In each section, we’ll look at why your Senior Developer could be reluctant to adopt Flutter. Then, we’ll look at some of the points that you should consider, and how to potentially overcome these.
It’s concerning because well, easy come, easy go. This breaks out into two discrete components, because DART is newer than other languages like C# or Java, and Flutter itself is still newer.
DART is quite a new programming language. Before Flutter came along, well, it doesn’t seem like it was doing that great. It was first shown in 2011, while Typescript was shown in 2012. Despite this, Angular, a Google product, was shipped using Typescript, a Microsoft product. Maybe there was a superb reason for this, but it seems weird that Google didn’t use their own language with their own product. I mean, it wasn’t even that long ago that sites were effectively declaring Dart as a dead programming language. According to that article, in 2018, there were 35 companies using Dart in their technology stacks in the world. That’s pretty low.
Of course, then Flutter came along and Dart has enjoyed quite the uptick in usage throughout the world. That’s great for today, but do you think your boss has ever really heard of Dart? Do you think he has ever had to actively recruit to a role where one of the requirements was to use Dart? It’s pretty unlikely.
Unless you own a DeLorean, a Flux capacitor and 1.21 gigawatts of power, you can’t change Dart’s history or make it come out sooner than 2012. But here’s the thing — a new language can actually be a good thing. Languages that have been around for a long time like Java can stay in the same place for a long time. Adding new features to older languages requires significant integration testing to ensure that everything still works as it is supposed to before and after the upgrade. Dart does enjoy a level of freedom because of it’s comparative newness, and that’s a good thing.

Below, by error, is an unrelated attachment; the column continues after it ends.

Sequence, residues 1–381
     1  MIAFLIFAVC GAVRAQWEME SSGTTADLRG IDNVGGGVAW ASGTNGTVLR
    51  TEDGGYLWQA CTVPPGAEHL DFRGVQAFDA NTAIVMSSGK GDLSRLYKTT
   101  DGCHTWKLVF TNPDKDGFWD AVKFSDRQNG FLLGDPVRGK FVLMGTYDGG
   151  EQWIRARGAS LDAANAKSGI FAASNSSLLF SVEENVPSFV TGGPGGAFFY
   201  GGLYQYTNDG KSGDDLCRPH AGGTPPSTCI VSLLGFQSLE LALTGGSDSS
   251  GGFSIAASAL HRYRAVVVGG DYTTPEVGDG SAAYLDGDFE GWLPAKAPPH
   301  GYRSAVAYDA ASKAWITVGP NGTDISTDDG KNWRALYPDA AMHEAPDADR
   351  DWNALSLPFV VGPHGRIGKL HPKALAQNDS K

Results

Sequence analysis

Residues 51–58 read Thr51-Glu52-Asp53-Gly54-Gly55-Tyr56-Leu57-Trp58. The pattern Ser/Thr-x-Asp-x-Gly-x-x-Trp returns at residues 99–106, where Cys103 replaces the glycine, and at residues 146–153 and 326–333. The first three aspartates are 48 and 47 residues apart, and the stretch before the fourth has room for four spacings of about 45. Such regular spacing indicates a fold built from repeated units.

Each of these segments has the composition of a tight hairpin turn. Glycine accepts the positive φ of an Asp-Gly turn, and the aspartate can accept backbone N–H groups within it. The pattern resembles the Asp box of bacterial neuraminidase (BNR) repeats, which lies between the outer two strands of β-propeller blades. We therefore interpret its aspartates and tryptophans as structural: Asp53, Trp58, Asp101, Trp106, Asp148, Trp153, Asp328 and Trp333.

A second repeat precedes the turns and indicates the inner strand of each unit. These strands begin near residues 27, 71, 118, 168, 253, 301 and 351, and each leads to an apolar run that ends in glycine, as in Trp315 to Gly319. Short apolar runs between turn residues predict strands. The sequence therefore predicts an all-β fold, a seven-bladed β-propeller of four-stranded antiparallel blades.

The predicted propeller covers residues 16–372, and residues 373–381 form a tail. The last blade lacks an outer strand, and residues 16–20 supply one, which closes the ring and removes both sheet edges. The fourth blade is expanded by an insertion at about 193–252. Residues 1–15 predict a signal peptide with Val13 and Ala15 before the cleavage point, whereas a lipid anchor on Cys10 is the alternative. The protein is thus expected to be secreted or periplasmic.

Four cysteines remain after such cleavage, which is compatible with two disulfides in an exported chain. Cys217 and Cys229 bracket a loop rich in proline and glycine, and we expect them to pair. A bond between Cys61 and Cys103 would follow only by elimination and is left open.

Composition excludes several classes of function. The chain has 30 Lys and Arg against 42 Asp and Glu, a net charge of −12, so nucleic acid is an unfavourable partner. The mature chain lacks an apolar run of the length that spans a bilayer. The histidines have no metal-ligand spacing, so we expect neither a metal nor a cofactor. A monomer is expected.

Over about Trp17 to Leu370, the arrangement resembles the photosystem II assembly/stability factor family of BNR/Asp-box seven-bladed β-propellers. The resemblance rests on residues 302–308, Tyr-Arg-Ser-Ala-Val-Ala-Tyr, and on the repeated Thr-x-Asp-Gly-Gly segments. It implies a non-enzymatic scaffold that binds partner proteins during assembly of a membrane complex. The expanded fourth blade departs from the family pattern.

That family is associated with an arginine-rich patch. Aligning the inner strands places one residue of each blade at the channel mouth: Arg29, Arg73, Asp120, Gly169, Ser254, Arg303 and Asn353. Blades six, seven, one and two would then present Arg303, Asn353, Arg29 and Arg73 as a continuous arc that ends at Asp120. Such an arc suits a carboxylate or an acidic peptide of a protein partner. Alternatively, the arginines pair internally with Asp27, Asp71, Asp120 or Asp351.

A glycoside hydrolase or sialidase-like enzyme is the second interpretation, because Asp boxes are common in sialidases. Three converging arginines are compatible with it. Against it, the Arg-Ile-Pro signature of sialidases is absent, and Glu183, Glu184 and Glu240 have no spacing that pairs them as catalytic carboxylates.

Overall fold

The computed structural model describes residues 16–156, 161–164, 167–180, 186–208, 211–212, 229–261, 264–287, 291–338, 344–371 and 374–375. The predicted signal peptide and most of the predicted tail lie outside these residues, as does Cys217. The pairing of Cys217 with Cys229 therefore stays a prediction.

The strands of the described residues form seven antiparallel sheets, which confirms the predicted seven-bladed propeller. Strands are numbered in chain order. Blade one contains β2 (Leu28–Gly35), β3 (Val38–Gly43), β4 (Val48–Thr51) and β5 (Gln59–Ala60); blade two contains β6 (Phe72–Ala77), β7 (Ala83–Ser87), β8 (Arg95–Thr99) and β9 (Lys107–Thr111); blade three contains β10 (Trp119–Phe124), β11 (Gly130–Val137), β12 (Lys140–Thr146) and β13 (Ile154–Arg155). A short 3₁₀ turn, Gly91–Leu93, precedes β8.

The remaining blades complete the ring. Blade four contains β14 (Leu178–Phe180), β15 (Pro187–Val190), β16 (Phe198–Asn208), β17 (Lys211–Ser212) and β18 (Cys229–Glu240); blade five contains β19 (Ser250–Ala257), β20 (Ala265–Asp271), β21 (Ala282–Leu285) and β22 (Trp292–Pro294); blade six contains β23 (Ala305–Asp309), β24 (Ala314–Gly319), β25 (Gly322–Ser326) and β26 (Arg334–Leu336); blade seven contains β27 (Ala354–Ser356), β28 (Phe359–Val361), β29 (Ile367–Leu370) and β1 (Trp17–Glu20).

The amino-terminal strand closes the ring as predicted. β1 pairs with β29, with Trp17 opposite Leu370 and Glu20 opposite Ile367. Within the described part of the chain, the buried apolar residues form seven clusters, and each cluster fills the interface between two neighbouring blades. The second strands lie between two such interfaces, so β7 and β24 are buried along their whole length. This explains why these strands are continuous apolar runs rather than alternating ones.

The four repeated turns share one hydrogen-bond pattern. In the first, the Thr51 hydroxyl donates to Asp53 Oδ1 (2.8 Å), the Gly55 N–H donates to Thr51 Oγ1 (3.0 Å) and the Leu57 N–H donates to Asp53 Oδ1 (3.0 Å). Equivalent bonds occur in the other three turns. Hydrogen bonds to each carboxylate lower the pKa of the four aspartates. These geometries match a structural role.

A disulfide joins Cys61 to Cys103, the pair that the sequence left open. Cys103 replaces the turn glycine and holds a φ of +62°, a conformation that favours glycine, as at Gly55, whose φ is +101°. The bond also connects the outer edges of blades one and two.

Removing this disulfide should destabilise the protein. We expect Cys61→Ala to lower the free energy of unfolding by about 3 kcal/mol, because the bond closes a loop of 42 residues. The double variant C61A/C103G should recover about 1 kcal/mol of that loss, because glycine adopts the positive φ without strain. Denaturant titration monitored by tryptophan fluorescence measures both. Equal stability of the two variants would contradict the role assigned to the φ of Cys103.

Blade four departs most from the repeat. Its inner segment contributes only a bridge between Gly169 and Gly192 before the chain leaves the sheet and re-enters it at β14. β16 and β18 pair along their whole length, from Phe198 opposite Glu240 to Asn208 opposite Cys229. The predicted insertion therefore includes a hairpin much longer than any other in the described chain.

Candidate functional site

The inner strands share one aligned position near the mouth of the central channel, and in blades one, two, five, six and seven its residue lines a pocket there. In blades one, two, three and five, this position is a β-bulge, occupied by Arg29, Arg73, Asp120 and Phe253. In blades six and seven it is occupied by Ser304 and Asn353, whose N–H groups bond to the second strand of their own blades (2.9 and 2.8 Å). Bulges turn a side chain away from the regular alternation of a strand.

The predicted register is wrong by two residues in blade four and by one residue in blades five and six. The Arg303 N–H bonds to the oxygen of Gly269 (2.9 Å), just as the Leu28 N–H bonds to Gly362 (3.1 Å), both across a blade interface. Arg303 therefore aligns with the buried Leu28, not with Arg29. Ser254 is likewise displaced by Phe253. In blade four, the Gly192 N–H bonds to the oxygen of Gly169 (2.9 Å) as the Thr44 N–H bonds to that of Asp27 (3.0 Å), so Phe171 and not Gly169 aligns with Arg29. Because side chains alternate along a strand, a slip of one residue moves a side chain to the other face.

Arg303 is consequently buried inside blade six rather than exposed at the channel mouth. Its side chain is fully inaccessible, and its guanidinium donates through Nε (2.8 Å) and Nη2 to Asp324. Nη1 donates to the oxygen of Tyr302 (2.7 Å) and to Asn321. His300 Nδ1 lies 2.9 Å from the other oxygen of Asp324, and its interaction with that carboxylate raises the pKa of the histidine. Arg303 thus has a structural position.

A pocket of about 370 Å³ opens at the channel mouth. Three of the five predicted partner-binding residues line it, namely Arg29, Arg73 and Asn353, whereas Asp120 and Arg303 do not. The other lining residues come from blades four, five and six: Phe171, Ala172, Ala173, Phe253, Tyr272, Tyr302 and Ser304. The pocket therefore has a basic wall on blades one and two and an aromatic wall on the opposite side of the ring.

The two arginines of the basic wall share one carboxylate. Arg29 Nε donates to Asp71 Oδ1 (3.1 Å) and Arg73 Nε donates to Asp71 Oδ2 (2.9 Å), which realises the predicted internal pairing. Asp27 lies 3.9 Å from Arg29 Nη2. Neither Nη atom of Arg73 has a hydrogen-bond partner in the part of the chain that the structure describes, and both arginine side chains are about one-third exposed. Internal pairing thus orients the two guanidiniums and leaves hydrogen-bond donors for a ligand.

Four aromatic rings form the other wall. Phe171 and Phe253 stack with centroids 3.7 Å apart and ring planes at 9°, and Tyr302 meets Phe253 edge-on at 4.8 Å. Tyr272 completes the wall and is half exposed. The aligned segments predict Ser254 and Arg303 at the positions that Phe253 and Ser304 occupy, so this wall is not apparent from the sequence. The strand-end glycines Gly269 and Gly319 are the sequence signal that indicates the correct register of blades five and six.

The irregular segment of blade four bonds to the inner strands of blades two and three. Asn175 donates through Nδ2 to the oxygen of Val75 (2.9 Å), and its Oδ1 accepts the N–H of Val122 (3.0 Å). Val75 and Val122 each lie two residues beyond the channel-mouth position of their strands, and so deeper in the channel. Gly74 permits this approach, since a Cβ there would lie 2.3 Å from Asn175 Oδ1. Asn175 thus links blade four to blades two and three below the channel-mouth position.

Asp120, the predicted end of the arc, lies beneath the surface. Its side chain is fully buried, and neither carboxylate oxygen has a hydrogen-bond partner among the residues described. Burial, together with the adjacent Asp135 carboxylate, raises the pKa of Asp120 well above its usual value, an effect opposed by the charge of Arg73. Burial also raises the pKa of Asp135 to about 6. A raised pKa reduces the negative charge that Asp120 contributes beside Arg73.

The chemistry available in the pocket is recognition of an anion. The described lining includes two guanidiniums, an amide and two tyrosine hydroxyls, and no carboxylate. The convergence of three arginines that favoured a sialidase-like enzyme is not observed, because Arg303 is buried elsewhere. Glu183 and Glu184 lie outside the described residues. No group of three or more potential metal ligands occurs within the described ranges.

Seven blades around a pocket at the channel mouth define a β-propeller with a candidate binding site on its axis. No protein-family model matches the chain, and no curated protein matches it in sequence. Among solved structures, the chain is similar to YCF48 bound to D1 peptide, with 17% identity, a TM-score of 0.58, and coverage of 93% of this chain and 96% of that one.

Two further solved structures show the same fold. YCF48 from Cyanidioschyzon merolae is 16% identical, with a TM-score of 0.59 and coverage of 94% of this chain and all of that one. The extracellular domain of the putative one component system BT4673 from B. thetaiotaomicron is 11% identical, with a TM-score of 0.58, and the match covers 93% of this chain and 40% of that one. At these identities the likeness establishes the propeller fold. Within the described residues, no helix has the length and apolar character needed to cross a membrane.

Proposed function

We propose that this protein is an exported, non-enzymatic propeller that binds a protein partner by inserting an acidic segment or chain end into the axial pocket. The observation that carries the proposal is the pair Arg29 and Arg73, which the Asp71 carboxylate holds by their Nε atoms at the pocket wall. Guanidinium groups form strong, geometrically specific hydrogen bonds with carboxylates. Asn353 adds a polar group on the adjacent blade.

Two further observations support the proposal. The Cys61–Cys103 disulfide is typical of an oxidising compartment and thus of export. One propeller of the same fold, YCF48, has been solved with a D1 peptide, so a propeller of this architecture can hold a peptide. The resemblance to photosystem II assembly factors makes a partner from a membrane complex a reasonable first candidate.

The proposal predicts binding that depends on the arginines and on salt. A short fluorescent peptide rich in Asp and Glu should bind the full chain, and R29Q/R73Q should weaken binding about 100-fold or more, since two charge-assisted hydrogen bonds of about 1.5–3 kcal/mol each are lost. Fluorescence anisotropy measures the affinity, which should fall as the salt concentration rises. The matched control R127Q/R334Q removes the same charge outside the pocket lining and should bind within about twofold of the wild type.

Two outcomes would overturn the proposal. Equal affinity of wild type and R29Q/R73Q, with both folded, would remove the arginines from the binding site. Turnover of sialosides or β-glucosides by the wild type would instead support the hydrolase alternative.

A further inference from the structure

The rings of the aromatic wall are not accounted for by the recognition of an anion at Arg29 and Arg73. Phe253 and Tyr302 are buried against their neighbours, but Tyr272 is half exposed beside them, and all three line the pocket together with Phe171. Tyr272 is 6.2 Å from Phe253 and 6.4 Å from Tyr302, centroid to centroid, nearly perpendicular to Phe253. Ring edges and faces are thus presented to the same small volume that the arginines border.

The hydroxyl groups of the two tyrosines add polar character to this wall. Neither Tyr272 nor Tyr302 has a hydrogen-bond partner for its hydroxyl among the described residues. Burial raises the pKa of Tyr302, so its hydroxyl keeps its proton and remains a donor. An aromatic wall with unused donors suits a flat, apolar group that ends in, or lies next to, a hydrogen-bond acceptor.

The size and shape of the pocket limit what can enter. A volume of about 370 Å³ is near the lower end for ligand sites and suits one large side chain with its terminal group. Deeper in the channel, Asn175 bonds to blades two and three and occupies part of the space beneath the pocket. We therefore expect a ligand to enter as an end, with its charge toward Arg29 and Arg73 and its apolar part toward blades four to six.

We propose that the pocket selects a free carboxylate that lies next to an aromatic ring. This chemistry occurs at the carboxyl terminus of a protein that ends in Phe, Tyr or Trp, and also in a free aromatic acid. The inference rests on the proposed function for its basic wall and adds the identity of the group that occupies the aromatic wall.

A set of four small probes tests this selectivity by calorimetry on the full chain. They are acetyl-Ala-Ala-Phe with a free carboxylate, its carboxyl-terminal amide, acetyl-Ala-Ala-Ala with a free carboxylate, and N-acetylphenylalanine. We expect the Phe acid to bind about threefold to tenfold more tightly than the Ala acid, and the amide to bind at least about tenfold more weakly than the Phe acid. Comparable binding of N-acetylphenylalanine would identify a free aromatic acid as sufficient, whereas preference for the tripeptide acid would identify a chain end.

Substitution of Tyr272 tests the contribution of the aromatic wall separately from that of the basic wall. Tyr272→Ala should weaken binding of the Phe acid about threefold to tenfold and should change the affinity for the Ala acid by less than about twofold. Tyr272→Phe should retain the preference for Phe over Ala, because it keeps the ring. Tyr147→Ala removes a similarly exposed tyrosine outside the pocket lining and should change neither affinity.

A new language in a project means the appropriate technical assistance in the team to continue to provide support for it. It’s not enough that just you know Dart, everyone in your team that is expected to support the mobile apps have to use Dart as well. To introduce Flutter into the landscape is to introduce change, and usually, people don’t love change.
Things your Senior Developer will think about before adopting a new language or framework:
- Team members not wanting to adopt a new language and maintain new applications in that language
- Indifference, or straight up hostility, from other developers in having to learn yet another language and testing framework
- Previous misconceptions to do with Dart and how the language works
- Time involved in learning a new IDE (Android Studio, or Visual Studio Code)
- If the value in learning Dart is worth the time investment for the team
- Whether they themselves have personally used Dart and can vouch for its usefulness. Unless they are a Flutter aficionado like you, they probably haven’t.